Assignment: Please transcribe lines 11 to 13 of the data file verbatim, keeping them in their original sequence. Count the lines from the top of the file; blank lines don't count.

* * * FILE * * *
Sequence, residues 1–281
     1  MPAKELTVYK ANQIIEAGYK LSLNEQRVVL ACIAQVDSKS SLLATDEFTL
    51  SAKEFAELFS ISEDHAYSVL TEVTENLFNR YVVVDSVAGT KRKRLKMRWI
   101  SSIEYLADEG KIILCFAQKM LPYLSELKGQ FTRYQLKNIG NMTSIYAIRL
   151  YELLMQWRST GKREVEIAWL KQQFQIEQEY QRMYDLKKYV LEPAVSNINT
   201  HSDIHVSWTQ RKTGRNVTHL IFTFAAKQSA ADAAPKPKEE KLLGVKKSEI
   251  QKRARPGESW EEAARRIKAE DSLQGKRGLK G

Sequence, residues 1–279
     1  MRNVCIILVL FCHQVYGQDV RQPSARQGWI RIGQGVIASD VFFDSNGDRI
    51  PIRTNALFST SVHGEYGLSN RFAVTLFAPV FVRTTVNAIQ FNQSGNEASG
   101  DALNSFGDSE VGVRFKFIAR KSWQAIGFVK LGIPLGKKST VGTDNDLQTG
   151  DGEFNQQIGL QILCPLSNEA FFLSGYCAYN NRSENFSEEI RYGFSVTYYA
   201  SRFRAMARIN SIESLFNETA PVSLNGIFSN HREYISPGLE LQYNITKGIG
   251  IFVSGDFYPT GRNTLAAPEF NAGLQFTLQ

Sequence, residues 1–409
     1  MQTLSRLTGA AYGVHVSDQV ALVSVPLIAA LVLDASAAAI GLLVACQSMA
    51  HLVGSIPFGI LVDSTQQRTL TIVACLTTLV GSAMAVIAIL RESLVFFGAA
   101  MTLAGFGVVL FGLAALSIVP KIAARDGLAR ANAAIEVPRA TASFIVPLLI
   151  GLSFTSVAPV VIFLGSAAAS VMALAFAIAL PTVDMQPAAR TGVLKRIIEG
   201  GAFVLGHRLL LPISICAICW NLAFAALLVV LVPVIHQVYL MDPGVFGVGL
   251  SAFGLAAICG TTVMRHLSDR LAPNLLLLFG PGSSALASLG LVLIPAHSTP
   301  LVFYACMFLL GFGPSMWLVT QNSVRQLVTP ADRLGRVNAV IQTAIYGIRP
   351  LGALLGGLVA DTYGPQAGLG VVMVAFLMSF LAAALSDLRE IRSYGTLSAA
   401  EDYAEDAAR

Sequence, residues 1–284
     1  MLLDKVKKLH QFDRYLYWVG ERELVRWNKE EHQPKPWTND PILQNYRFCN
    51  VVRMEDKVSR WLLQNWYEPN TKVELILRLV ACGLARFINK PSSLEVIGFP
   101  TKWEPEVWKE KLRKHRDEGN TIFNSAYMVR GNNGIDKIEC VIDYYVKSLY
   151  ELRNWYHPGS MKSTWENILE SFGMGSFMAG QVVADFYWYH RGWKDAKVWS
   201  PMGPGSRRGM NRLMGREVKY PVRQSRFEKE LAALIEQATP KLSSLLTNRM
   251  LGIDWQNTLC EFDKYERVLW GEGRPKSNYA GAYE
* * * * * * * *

   101  DALNSFGDSE VGVRFKFIAR KSWQAIGFVK LGIPLGKKST VGTDNDLQTG
   151  DGEFNQQIGL QILCPLSNEA FFLSGYCAYN NRSENFSEEI RYGFSVTYYA
   201  SRFRAMARIN SIESLFNETA PVSLNGIFSN HREYISPGLE LQYNITKGIG